Book review: “Beloved Land: Stories, Struggles, And Secrets From Timor-Leste” by Gordon Peake
Beloved Land: Stories, Struggles, And Secrets From Timor-Leste, by Gordon Peake. Scribe Publications, 2014. 256 pages, $ 13.19 (www.amazon.com)
"At the stroke of midnight on 20 May 2002, the Democratic Republic of Timor-Leste became the first new nation of the 21st century. From that moment, those who fought for independence have faced a challenge even bigger than shaking off Indonesian occupation: running a country of their own. Beloved Land picks up the story where world attention left off."
In the book, Gordon Peake, a development specialist who was initially meant to spend only a few weeks in Dili and ended up staying for several years, tells a story about his time in Timor Leste, blending travelogue, history, and political analysis, providing a useful introduction to one of the least known countries in the world.
The author describes at length how Timorese politics is a complicated web of alliances, factions and family relationships that are very hard for outsiders to understand, yet his bafflement seems at times exaggerated - after all, isn't that the way politics works not only in developing countries, but all over the world? Equally, his descriptions of local traditions and superstitions sometimes strike the reader as a bit Western-centric.
The book is more interesting when Peake describes how the aid and "peace industry" overruns the country, sending in supposed experts who produce long reports of little or no use to the local government. He describes overpaid development specialists who speak neither Portuguese, Tetum nor Indonesian, yet seem confident to help the nascent state on such intricate matters such as reforming the telecommunications sector. This points to larger questions about the international community's capacity to help a struggling nation build a functioning state. Although Peake does not engage in this discussion, his book suggests international organizations still have a long way to go to play a constructive role.
This matters greatly because Timor-Leste was born at the height of global nation-building euphoria, when many international observers seemed confident about the UN's capacity to rebuild failed or new states. James Traub's article in Foreign Affairs in 2000 of Sergio Vieira de Mello in Timor Leste ("Inventing East Timor") best symbolizes this moment.
He writes that
the U.N. is fully aware of East Timor’s importance as a test case and has sent out a kind of A-team of international technocrats. Most of the top people in UNTAET speak four or five languages, have extensive experience in Bosnia, Kosovo, Cambodia, and elsewhere, and seem appropriately daunted and bemused by the magnitude of the burden they have been handed.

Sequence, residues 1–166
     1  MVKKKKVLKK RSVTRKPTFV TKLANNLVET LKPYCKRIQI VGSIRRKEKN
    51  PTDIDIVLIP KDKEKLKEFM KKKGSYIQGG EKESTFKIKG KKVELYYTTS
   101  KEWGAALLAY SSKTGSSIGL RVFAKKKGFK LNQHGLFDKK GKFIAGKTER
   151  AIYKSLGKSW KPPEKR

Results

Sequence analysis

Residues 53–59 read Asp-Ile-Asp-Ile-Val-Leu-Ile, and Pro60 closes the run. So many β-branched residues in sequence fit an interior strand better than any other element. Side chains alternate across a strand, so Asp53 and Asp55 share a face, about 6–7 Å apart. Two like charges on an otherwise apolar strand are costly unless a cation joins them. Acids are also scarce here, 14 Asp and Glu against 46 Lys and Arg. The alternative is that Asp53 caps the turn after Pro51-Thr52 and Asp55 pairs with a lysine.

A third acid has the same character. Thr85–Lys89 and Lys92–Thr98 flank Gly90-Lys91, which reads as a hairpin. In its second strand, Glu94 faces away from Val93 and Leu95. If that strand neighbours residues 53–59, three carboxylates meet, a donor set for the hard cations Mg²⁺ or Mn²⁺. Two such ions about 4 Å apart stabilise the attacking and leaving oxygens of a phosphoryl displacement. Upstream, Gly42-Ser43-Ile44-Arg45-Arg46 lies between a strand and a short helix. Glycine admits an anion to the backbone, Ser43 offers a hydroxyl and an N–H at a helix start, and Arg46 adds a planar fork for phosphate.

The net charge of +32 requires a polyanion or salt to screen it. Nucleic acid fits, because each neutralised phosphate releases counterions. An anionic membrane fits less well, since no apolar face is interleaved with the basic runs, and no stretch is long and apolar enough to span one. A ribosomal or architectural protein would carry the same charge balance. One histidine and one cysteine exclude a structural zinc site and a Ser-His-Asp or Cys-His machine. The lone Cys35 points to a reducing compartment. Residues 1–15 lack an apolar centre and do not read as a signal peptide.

A few months later, Ruth Wedgewood wrote a critical reply to Traub, arguing that
The U.N. Transitional Administration for East Timor (UNTAET) building overlooking the harbor in Dili is also chockablock with p-5s, d-1s, and d-2s -- expensive senior staff -- who happen to lack any experience in providing basic government services.
She further writes that
Traub says that the U.N. is "fully aware of East Timor's importance as a test case and has sent out a kind of A-team of international technocrats" who "speak four or five languages." Right idea, wrong languages. Only a handful of U.N. staff speak Bahasa Indonesia (a Malay tongue) or Tetun, preventing them from communicating with 80 percent of East Timor's population.
Beyond the question of nation-building, Beloved Land is insightful when it describes the processes by which opposing parties during the struggle for independence made peace and today seem to go hold no grudges against each other, despite the human rights abuses committed. Peake finds the Timorese capacity to forgive and move on strange, and indeed it is nothing short of admirable and deeply pragmatic, for post-conflict societies are often too fragile to punish the guilty, as the perpetrators of violence are still too powerful and important to participate in the state-building process. In the same way, Timor Leste's visionary leader Ramos-Horta once remarked that his country had no interest in asking Indonesia to punish those involved in the 1999 mass killings in Timor Leste, for it could undermine Indonesian democracy, where former military leaders still hold considerable political power.
Peake's account is personal and his relaxed and self-deprecating style make Beloved Land an enjoyable read for those interested in Timor-Leste. In several instances, his editor could have done a better job reducing repetitiveness (for example, the reader learns several times about an episode during which a group of journalists was "killed in cold blood"), and in some passages could be shortened somewhat to improve the flow. Still, given the book's informal nature, these few flaws do not matter much, and the author achieves his main objective - to provide a vivid glimpse into the soul of one of the world's youngest nations and the challenges it faces.